The Real State of the State

We should be talking about Gavin Newsom’s State of the State today, but it seems with no good news to share, Newsom decided to punt on it. The uncertain outcome of Prop 1 – an effort that Newsom was the face of – is widely seen as the reason for the postponement. While Prop 1 could still barely squeak by, if the too-close-to-call ballot measure were to fail, it would be seen as “an embarrassment for Newsom,” “a huge setback for Newsom,” and “a setback he seemingly was unprepared to address.”

Nevertheless, we were promised a State of the State update today, and if Newsom isn’t interested in offering one, we are more than happy to help.

Budget: California is facing a $73 billion budget deficit. It seems years of reckless spending, misplaced legislative priorities and taxpayers  moving away by the hundreds of thousands isn’t actually the recipe for a healthy budget. Newsom managed to turn a record  $100 billion budget surplus just two years ago into a record budget deficit today.

Economy: California today has the nation’s second highest unemployment rate , just barely losing out on the top spot by .1%. At the same time, California ranks dead last in the nation for job growth. A recent PPIC  survey  found jobs, economy and inflation is the most important issue to Californians. Since Gavin Newsom took office, more than 200 businesses have left California – with a majority moving to red-state rival Texas.

Affordability: California continues to have among the highest costs of living in the nation and the nation’s highest median monthly housing costs. Housing costs  rank as one of the most important issues in California. Only 15% of California households can afford to buy a home. California is home to the four most expensive housing markets in the nation. High housing costs and an outrageous cost of living was a  driving force for many Californians deciding to leave the state. 

Homelessness: Despite spending $20 billion addressing homelessness, California continues to tower over other states when it comes to our homeless crisis. California holds more than 181,000 homeless people – more than any other state by far – and nearly 30% of the nation’s total. Those numbers were up nearly 6% from the previous year. Nearly half of the nation’s unsheltered population is in California. This population size is nearly eight times as large as the unsheltered population in the second-ranked state. 68% of California’s homeless population is unsheltered – the highest percentage in the nation.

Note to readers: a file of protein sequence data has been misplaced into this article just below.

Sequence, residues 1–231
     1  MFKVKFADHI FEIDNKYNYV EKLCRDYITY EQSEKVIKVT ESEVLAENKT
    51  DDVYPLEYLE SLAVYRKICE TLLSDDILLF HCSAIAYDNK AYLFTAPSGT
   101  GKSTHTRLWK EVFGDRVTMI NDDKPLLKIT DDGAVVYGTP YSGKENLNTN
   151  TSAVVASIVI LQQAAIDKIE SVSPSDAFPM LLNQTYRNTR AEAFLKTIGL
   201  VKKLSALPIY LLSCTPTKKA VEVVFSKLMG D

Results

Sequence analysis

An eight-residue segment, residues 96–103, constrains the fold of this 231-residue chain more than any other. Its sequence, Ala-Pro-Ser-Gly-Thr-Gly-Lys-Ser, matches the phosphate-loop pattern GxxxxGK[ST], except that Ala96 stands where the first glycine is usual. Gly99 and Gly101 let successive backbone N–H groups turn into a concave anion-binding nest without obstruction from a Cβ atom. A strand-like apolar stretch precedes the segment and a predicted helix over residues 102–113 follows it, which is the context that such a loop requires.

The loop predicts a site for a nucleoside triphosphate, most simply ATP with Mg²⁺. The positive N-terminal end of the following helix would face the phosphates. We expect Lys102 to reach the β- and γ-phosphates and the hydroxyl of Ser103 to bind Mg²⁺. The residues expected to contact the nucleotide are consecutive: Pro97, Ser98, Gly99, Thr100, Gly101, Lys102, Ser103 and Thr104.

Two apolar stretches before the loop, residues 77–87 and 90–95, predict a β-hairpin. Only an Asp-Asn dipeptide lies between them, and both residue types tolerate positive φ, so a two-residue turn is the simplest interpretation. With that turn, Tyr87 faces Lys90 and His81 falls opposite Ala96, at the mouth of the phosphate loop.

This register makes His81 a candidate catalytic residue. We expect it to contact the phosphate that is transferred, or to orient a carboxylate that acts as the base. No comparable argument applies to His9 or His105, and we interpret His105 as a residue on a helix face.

Crime: Defying national trends, California’s violent crime  rate is 31% higher than the national rate and is  up 13% since 2019. This includes an  increase in aggravated assaults, robberies and rapes. Property crime also increased in California in 2022. Smash and grabs still seem to  make  daily  headlines in California. Business  owners  across  California continue to sound the alarm on how crime is hurting them, while in San Francisco’s once-bustling downtown shopping area, storefront after storefront continues to close their doors for good.

Outlook: Today, 57% of Californians think the state is heading in the wrong direction while 62% expect bad economic times in the next year, according to  PPIC. This is hardly a surprise since a majority of Californians also disapprove of Gavin Newsom’s job performance.

“With California continuing to top all the wrong lists, it’s hard to blame Gavin Newsom for not wanting to update Californians on his disastrous State of the State. Newsom’s failing agenda is hardly helpful to any California Democrat on the ballot this November. They’d all be better served if he actually focused on fixing the many problems he’s created at home instead of on unrealistic White House ambitions and on advancing radical, far-left policies that are destined to harm Californians.” – CAGOP Chairwoman Jessica Millan Patterson



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